The last time the University of Virginia beat the Virginia Tech Hokies on the gridiron this site did not exist. In fact, a lot of things didn’t exist such as Twitter, Facebook, Instagram. Yet, on Friday, the Wahoos finally took down the Hokies after 15 years of being beat down and took home the Commonwealth Cup.
There were many reasons why the Cavaliers beat the Hokies on Black Friday. And, no it wasn’t because of the officials. That’s loser talk. Did the officials make some horrific calls? Absolutely. Yet, it went both ways. For anyone who has followed the ACC for years you’d know this is nothing new. Officiating is bad everywhere, especially in the Atlantic Coast Conference.
The Hokies were outcoached on Friday. On both sides of the ball. While we can lay blame on the players, I wouldn’t necessarily say they were always put in the best position. Defensively, there is no reason why the Hokies should allow Bryce Perkins to have those two scores early in the game. Sure, the defense settled down after the first quarter but it was an ugly start.
Offensively, the playcalling remains an issue. It is predictable, it is stale and it does not always cater to the talents of many of Virginia Tech’s skill players. That’s an issue. The offense played scared the first half and that’s on head coach Justin Fuente and offensive coordinator Brad Cornelson.
Did anyone see what happened when quarterback Hendon Hooker attacked Virginia’s secondary in the second half? There was no way UVa’s defensive backs could keep up with Tech’s skill players. Those are opportunities lost.
And, about that defense. For weeks now, we’ve been praising Bud Foster and this group—and they deserved it. However, against the Hoos this group was an even bigger issue than the offense. While the offense was stagnant in the first half, the defense struggled the entire game outside of the second quarter. They missed tackles, there were gaping holes in the secondary and Virginia’s offense always seemed one step ahead of the Hokies.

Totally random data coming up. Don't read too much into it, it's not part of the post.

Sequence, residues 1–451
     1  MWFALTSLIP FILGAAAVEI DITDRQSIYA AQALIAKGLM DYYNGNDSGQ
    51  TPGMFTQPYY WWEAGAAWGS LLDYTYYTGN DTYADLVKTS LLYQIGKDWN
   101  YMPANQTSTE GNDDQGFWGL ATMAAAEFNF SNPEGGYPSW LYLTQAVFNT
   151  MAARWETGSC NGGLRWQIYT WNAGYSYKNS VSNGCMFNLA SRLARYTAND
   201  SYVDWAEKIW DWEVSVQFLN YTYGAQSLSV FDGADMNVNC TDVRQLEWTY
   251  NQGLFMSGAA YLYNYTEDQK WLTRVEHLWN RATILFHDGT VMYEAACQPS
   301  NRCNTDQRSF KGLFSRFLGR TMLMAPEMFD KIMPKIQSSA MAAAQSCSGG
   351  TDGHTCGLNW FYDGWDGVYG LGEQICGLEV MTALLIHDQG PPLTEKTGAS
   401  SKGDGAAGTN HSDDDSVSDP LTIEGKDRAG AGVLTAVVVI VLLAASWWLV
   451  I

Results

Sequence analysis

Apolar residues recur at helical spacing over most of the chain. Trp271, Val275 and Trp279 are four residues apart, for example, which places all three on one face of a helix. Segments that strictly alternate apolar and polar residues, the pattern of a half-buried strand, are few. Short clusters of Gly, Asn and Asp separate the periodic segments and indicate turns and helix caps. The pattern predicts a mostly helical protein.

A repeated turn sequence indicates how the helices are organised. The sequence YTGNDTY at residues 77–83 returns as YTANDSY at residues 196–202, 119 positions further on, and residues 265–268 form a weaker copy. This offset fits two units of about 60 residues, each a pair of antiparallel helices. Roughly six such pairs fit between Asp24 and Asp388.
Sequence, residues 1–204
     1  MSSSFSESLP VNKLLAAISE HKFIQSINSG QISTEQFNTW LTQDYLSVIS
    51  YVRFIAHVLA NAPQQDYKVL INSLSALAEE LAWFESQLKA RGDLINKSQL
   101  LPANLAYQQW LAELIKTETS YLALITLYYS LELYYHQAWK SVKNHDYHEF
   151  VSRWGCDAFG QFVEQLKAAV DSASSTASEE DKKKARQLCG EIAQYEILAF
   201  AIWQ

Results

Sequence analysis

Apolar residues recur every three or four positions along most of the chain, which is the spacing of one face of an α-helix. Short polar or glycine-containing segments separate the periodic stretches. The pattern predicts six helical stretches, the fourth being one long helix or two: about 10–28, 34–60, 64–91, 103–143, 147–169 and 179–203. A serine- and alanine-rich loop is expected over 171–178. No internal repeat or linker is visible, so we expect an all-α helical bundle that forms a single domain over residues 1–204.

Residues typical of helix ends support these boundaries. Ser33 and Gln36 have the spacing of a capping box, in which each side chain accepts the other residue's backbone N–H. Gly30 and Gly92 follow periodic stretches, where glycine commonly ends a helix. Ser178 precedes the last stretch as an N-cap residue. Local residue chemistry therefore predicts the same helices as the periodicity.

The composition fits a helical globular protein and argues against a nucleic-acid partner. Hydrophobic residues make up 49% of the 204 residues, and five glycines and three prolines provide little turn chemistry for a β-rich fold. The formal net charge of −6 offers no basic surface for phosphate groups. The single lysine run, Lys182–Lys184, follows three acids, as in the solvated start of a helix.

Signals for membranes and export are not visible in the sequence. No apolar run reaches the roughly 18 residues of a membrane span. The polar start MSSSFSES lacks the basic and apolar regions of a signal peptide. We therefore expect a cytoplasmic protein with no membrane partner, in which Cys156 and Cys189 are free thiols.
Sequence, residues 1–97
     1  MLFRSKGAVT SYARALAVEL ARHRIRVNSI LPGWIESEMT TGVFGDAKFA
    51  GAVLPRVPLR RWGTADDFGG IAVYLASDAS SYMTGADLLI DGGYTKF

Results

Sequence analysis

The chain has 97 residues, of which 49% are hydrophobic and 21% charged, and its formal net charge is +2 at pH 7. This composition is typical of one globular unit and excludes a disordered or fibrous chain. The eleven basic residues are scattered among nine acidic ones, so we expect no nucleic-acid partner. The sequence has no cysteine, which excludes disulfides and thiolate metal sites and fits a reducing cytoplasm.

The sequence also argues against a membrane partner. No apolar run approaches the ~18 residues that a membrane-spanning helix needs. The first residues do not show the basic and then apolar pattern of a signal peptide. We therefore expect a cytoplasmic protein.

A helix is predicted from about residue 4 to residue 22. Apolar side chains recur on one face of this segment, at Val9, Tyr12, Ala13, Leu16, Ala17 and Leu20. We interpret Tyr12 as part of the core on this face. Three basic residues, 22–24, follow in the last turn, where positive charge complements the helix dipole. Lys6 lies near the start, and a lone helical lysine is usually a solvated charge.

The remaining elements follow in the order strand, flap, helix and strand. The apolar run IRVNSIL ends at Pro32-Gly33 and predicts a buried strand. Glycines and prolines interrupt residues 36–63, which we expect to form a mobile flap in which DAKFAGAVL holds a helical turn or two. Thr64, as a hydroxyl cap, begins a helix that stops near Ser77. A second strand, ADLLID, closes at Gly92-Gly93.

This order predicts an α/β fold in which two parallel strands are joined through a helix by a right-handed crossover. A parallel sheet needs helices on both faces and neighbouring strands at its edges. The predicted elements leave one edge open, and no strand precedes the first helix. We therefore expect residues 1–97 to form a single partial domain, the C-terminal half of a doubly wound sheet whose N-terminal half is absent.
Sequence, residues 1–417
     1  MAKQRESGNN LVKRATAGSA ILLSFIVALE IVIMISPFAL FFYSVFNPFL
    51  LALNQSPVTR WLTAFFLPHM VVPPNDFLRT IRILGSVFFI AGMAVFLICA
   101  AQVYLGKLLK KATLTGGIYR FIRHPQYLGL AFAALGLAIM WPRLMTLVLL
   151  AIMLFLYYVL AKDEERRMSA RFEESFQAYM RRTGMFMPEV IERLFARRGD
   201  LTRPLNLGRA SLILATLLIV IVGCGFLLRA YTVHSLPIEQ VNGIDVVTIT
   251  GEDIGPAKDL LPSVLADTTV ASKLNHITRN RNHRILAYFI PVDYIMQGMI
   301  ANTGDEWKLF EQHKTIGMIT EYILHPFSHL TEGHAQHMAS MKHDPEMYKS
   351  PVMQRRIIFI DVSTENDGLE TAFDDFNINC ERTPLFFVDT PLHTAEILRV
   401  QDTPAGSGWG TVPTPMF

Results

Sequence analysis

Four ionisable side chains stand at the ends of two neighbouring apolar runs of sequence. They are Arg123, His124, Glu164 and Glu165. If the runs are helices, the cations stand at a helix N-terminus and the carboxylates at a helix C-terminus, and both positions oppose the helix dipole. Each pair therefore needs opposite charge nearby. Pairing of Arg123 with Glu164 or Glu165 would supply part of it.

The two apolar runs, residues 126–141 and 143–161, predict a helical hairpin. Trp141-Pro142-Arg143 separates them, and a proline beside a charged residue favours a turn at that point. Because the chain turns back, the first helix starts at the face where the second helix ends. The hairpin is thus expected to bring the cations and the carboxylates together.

Sure, losing cornerback Caleb Farley just before the game with back spasms was a tough blow. Again, that’s not entirely why the Hokies lost. Everything played a part, but one player didn’t cost Virginia Tech this game.
A 15-year streak is impressive. It was going to end. Remember earlier in the season when everyone was looking at the schedule wondering how this team could become bowl eligible? A massive turnaround will put the Hokies in a bowl for the 27th consecutive season, most likely an appearance in the Belk Bowl. It was UVa’s mission to end this streak in 2019. And, on Friday, the Wahoos were the better team.
There is no shame in that.
The Hokies are a more talented squad on both sides of the ball. And much younger. VT’s two-deep is loaded with freshmen and sophomores while Virginia was heavy on seniors. The Hokies will be OK.
We know changes are coming. Foster is retiring and I would expect his successor to be named soon. This is a critical hire for Fuente. He not only needs a proven defensive coordinator, but one who can get on the road and make a difference in recruiting. There are too many coaches on this staff not pulling their weight on the recruiting front. That must change.
Also, the Hokies should consider a change at offensive coordinator. Is that feasible? Sure, it’s time for Fuente to go outside of his comfort zone and hire someone to take this offense—his offense—to the next level. Cornelson has proven he isn’t that guy. The offensive success the Hokies experienced after Hooker took over is more due to him being such a massive upgrade over Ryan Willis. The playcalling and the schemes were still an issue.
Now that we are two days removed from this loss, we can take a look back on this season and see plenty of growth, along with plenty of disappointments, too.